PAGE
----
Why Are We Always Thanking Dads Just For Being Parents?

by Ali Cybulski
Originally Published: 

One of the earliest lessons I learned as a child was to always say please and thank you. Ever the obedient Catholic schoolgirl, I never neglected this duty. Now, saying thank you in particular is so automatic that I will end emails with a “thanks”—and the obligatory exclamation point—even if the situation doesn’t call for it.

Boss@[business name].com: Can you work late tonight?

Me@[business name].com: Sure. Thanks!

Um, OK.

Since my son arrived on the scene seven months ago, my thank-you reflex has kicked into overdrive. I have found myself thanking my husband for both ordinary as well as extraordinary parenting efforts. I thank him for handling diaper changes, day care pickups, feedings and many other thankless—pun intended—tasks. My hope is that all of these thank-yous will convey my gratitude that he doesn’t expect Mom to do it all herself.

Although I know my husband appreciates everything I do for our son, his thank-yous are not as superfluous. I think this is partly because on some deep level, he believes that I am simply fulfilling my role as a mother. Our genetic wiring has not evolved. His role is to hunt. My role is to gather. Me Jane, you Tarzan.

My husband is what some might call a “hands-on” dad. I detest this phrase. It is often doled out as gushing praise by loved ones and strangers alike as fathers perform everyday tasks that would garner zero recognition for most mothers.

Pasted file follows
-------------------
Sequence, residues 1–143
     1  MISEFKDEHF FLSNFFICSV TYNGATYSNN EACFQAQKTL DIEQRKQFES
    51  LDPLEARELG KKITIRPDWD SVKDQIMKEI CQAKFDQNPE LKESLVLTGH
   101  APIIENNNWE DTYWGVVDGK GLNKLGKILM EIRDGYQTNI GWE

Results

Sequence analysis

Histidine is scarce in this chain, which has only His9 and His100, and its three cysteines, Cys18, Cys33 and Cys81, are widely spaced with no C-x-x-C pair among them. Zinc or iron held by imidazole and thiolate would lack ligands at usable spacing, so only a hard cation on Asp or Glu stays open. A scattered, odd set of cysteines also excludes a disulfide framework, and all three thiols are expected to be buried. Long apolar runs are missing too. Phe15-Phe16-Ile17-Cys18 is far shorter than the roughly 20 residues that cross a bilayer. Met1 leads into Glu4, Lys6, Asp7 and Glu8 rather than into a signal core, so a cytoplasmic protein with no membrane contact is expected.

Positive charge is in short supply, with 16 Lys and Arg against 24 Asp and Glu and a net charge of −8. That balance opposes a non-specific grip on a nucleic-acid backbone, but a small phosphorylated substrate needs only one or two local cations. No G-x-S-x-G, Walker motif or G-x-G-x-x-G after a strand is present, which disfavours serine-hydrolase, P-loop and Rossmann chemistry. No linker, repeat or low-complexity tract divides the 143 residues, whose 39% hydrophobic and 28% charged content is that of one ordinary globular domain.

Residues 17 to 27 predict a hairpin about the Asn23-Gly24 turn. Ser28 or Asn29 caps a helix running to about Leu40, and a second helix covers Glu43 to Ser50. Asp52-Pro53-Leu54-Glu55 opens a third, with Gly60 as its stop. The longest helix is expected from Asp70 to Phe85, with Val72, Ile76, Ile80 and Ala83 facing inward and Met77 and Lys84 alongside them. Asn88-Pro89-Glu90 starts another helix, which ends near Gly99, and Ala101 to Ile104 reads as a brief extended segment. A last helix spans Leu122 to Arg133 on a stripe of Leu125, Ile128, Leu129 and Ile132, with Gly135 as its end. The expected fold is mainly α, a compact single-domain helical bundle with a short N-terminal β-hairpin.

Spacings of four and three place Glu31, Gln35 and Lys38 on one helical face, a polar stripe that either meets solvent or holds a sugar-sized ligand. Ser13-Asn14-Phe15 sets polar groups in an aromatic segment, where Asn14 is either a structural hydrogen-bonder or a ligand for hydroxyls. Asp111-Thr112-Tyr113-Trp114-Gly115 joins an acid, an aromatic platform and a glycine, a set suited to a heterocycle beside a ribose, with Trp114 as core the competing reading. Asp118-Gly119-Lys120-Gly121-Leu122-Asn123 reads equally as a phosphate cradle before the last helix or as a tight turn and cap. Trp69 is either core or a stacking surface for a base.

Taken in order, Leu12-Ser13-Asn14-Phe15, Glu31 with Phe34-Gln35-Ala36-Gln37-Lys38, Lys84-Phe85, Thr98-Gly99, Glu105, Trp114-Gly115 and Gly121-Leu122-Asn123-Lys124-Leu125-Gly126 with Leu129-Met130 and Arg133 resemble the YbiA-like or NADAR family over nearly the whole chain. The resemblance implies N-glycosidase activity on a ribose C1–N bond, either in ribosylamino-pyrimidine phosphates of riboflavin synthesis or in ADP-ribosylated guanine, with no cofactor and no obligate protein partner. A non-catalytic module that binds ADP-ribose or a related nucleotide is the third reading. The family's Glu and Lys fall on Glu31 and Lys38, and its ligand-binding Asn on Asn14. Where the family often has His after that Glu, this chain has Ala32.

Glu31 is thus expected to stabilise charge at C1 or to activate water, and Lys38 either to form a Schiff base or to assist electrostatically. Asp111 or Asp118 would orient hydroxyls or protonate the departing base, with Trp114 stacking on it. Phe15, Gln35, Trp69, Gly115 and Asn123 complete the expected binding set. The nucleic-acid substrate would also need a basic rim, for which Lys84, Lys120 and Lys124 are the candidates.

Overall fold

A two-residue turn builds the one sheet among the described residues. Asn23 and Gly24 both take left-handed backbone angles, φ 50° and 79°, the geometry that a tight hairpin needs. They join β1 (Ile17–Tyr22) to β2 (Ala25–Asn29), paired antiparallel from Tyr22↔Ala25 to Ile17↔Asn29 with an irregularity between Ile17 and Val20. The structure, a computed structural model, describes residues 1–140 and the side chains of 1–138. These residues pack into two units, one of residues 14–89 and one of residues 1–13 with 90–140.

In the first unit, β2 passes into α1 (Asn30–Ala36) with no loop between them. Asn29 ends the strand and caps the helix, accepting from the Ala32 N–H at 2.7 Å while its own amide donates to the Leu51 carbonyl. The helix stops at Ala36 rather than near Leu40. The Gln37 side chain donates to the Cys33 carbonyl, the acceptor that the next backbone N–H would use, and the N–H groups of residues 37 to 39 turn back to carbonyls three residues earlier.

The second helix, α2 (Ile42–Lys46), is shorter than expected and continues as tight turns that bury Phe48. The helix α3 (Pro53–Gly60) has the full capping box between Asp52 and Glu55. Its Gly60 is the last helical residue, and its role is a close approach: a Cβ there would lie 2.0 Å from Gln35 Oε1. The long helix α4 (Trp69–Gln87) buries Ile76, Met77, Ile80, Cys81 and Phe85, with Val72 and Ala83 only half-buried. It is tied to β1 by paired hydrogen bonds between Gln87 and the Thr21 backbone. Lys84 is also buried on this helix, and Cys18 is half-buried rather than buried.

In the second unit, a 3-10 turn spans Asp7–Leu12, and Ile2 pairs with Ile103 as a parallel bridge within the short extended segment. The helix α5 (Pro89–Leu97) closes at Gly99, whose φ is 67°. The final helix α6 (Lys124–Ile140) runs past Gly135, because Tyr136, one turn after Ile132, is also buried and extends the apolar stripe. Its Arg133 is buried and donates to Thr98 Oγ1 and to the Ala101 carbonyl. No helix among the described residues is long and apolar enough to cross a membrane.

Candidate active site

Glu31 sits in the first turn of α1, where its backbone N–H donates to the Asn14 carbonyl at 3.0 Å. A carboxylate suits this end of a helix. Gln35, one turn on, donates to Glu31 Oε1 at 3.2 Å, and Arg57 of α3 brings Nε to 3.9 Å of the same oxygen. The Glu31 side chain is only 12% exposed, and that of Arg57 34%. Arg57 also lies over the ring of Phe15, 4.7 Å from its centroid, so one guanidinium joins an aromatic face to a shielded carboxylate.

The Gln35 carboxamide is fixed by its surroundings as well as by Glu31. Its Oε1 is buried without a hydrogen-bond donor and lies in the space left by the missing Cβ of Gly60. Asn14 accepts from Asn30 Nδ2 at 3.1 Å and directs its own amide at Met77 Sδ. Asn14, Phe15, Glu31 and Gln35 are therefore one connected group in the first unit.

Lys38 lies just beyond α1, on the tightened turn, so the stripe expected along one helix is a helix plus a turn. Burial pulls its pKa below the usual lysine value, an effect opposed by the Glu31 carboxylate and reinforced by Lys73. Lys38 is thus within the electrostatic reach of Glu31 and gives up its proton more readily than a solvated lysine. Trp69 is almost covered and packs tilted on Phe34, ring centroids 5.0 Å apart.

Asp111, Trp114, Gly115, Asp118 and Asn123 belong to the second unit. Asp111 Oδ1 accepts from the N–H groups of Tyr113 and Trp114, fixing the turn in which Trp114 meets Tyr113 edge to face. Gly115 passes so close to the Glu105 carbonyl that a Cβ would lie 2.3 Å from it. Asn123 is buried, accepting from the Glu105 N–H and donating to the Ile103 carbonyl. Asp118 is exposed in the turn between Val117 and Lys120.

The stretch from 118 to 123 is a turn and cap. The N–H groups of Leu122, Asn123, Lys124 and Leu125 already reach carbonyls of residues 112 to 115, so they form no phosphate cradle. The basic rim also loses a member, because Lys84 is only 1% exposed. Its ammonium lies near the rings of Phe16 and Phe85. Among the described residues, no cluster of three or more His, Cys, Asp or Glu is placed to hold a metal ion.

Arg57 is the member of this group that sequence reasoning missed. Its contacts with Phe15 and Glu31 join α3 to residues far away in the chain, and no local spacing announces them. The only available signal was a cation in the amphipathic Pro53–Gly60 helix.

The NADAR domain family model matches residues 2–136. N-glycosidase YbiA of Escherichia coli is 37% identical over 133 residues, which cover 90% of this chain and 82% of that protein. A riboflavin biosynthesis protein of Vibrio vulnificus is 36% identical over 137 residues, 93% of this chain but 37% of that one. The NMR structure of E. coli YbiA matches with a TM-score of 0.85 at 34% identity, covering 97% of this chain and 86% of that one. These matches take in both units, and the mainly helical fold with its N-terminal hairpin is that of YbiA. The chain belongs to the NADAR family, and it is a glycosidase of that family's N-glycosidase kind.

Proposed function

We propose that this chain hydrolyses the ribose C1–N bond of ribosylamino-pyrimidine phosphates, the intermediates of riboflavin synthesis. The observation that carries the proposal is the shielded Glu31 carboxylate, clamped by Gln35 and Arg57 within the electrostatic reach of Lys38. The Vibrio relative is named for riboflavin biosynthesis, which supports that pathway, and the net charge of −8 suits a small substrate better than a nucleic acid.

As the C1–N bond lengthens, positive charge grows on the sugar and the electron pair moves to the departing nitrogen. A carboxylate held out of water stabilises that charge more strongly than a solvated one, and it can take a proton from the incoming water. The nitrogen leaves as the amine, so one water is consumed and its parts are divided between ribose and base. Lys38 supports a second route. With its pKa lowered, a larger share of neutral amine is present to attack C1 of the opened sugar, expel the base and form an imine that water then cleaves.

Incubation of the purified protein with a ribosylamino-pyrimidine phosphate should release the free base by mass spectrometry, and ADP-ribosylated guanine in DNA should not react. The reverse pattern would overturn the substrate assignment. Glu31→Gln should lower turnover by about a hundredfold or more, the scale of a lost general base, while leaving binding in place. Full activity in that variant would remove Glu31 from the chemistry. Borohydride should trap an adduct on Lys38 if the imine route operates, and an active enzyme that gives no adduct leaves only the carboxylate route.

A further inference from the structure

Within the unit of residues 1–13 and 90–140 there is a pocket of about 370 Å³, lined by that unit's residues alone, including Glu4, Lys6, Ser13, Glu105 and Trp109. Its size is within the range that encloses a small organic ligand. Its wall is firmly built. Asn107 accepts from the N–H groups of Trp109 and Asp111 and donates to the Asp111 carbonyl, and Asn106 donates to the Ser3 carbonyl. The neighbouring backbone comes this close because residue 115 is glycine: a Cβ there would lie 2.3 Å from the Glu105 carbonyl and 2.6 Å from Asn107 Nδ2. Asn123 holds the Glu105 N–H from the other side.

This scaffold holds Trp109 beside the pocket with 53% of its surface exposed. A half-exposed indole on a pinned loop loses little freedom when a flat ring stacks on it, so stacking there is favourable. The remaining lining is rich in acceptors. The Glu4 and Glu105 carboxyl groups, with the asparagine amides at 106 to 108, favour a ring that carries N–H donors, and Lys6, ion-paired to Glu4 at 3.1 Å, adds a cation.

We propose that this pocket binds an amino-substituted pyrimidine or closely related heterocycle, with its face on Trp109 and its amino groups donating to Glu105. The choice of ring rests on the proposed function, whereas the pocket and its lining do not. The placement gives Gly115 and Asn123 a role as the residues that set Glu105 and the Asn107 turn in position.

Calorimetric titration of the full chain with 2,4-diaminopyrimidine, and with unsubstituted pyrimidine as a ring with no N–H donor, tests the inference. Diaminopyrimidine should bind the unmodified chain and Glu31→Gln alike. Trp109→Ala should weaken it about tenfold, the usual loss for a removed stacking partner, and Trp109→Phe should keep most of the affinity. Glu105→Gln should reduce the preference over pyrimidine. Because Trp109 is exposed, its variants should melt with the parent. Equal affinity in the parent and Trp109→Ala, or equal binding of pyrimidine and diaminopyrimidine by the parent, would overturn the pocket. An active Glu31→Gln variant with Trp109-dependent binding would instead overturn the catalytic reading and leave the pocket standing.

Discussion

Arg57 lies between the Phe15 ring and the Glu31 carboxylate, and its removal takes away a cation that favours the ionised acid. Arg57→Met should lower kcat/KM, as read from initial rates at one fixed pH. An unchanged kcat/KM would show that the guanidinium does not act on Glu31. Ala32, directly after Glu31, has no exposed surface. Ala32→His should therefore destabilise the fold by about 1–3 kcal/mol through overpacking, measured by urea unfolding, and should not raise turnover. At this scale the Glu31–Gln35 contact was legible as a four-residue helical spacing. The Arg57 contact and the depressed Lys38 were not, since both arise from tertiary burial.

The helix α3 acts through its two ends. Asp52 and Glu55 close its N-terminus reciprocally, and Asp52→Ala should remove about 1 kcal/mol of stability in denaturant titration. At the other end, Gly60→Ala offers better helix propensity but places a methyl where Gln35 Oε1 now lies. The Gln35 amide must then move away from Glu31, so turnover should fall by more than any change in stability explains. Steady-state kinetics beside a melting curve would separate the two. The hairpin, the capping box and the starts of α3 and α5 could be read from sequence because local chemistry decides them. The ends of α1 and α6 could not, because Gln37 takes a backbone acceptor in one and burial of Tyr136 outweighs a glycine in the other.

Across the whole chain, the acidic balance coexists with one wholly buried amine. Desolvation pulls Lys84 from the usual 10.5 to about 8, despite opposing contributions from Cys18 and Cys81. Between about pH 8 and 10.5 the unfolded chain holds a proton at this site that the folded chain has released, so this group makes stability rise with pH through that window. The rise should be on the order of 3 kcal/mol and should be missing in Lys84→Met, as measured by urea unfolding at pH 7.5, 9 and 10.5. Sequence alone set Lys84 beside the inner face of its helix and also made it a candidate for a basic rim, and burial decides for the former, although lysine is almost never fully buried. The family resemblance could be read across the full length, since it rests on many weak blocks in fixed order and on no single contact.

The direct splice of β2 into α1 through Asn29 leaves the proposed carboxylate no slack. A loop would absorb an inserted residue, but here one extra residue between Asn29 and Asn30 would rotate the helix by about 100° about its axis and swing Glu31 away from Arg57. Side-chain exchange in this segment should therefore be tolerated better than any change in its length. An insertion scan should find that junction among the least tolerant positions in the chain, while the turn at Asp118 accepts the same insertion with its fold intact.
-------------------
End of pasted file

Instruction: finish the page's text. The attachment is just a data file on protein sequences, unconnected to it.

Let’s set the scene. While dining at the local Italian chain restaurant, a baby begins to cry. Dad takes a bottle from Mom’s diaper bag and feeds the infant. Mom continues to enjoy her pasta.

Opinionated onlooker: Oh, you are so lucky that he is such a hands-on dad. I was always the one to have to feed the baby.

Mom: Thanks.

No one would bat an eyelash if that scene in the restaurant played out with mom feeding the baby. That’s just mom doing mom’s job. But when dad takes the helm, look out. He’s Super Dad!

It’s time to raise our collective expectations of fathers. Dad should not just stay on the sidelines until it’s time for junior to play t-ball. He should strive to be an equal partner with mom, handling whatever duties the moment calls for without expecting overflowing praise.

Some women may argue that an equal partnership is impossible because their anatomy leaves them in charge of feeding. Yes, this is true, if you choose to breastfeed. Because my son arrived six weeks early and my milk stubbornly refused to come in (and when it did, I faced an uphill battle to produce enough food for my son), I pumped and supplemented with formula. My husband has been feeding our son since the little guy was in the NICU.

Of course, there are tons of other duties dad can handle besides feeding. Some moms may protest that dad won’t do [fill in the blank] as well as they do. Maybe that’s true, but how will they improve if we won’t give them a chance to try?

The growing number of stay-at-home dads gives me hope that the status quo is changing. Both a woman and a man’s place can be in the home. The next step is aiding the transition back to the professional workplace and, oh yeah, making paid leave for the arrival of a child an option for men and women.

My hope is that by the time my son is a father, no one would ever think of thanking him for simply feeding his child. Especially not me.

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